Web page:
Ruby-throated Hummingbird

Ruby Throated Hummingbird, female

Photo by: James Arterburn

Archilochus colubris

The Ruby-Throated hummingbird is a well-known and valued pollinator in America, even though its distribution is much wider. As a migratory bird, hummingbirds only spend summers in most of the US, usually spending the winter in Central America. Hummingbirds of this species may travel up to 500 miles at a time for migration.

Ruby-throated hummingbirds are two and a half to three and a half inches long, with a 3 to four inch wingspan. The bill can range from half an inch to three quarters of an inch, and is very thin, in order to draw nectar from flowering plants. Males have a shimmering, scarlet throat. Females have a lightly marked white throat, making this a sexually dimorphic species. However, the female is also distinguished by notched outer tales, marked with green, brown, and white bands. Both sexes have green metallic outer feathers on their top and creamy white feathers on the bottom (the green feathers may be more muted on the females’ heads).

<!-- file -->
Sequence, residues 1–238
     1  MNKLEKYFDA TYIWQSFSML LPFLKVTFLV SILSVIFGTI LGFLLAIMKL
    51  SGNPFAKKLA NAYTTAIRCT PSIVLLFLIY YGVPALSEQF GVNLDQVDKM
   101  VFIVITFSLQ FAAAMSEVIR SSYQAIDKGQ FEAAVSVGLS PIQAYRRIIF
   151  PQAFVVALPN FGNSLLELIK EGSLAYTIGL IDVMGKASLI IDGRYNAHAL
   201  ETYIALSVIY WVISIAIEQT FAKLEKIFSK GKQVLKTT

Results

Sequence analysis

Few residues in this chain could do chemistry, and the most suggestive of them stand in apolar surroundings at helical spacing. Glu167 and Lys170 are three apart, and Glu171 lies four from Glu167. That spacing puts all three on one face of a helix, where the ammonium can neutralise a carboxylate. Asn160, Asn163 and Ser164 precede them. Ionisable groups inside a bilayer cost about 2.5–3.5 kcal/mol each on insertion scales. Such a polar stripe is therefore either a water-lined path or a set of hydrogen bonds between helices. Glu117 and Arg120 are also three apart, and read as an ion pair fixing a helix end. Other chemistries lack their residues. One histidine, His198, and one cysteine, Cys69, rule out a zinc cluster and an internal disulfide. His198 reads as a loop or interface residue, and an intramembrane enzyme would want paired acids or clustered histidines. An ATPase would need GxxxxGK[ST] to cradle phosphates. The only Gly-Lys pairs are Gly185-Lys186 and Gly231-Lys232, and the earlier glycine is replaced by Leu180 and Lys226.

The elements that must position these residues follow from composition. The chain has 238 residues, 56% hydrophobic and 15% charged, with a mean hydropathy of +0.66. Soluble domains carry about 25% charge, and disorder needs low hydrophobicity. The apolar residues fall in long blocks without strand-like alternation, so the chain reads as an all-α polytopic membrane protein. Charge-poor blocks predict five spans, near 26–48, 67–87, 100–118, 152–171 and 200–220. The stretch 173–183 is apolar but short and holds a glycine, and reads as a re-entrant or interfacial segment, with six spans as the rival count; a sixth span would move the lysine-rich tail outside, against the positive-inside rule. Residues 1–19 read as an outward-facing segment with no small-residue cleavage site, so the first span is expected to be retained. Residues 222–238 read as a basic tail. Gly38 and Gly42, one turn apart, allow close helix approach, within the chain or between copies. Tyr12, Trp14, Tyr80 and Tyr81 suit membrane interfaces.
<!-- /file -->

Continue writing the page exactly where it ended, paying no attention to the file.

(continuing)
Ruby-throated Hummingbirds live in woods, meadows and forest edges. They can often be found in parks and backyards. While in Central America, they’re more likely to be observed inscrubland, rather than rainforests. They will defend their food sources jealously against competition. These can also include small insects which are important protein source for newly hatched chicks and juvenile birds.

This species can beat its wings more than 50 times a second, in order to remain airborne. Because of this, they can hover and stop instantly, as well as maneuver backwards. These skills are put to good use during the courtship display. Males fly in front of their partners in a wide arc, making a buzzing noise on each pass (this motion has been described as a “pendulum”). Females usually raise their broods alone, however, with the incubation period lasting less than two weeks. The young are usually ready to fly 20 days after hatching.

Written by: Robert Gibson, an undergraduate Environmental Studies student at the University of Oklahoma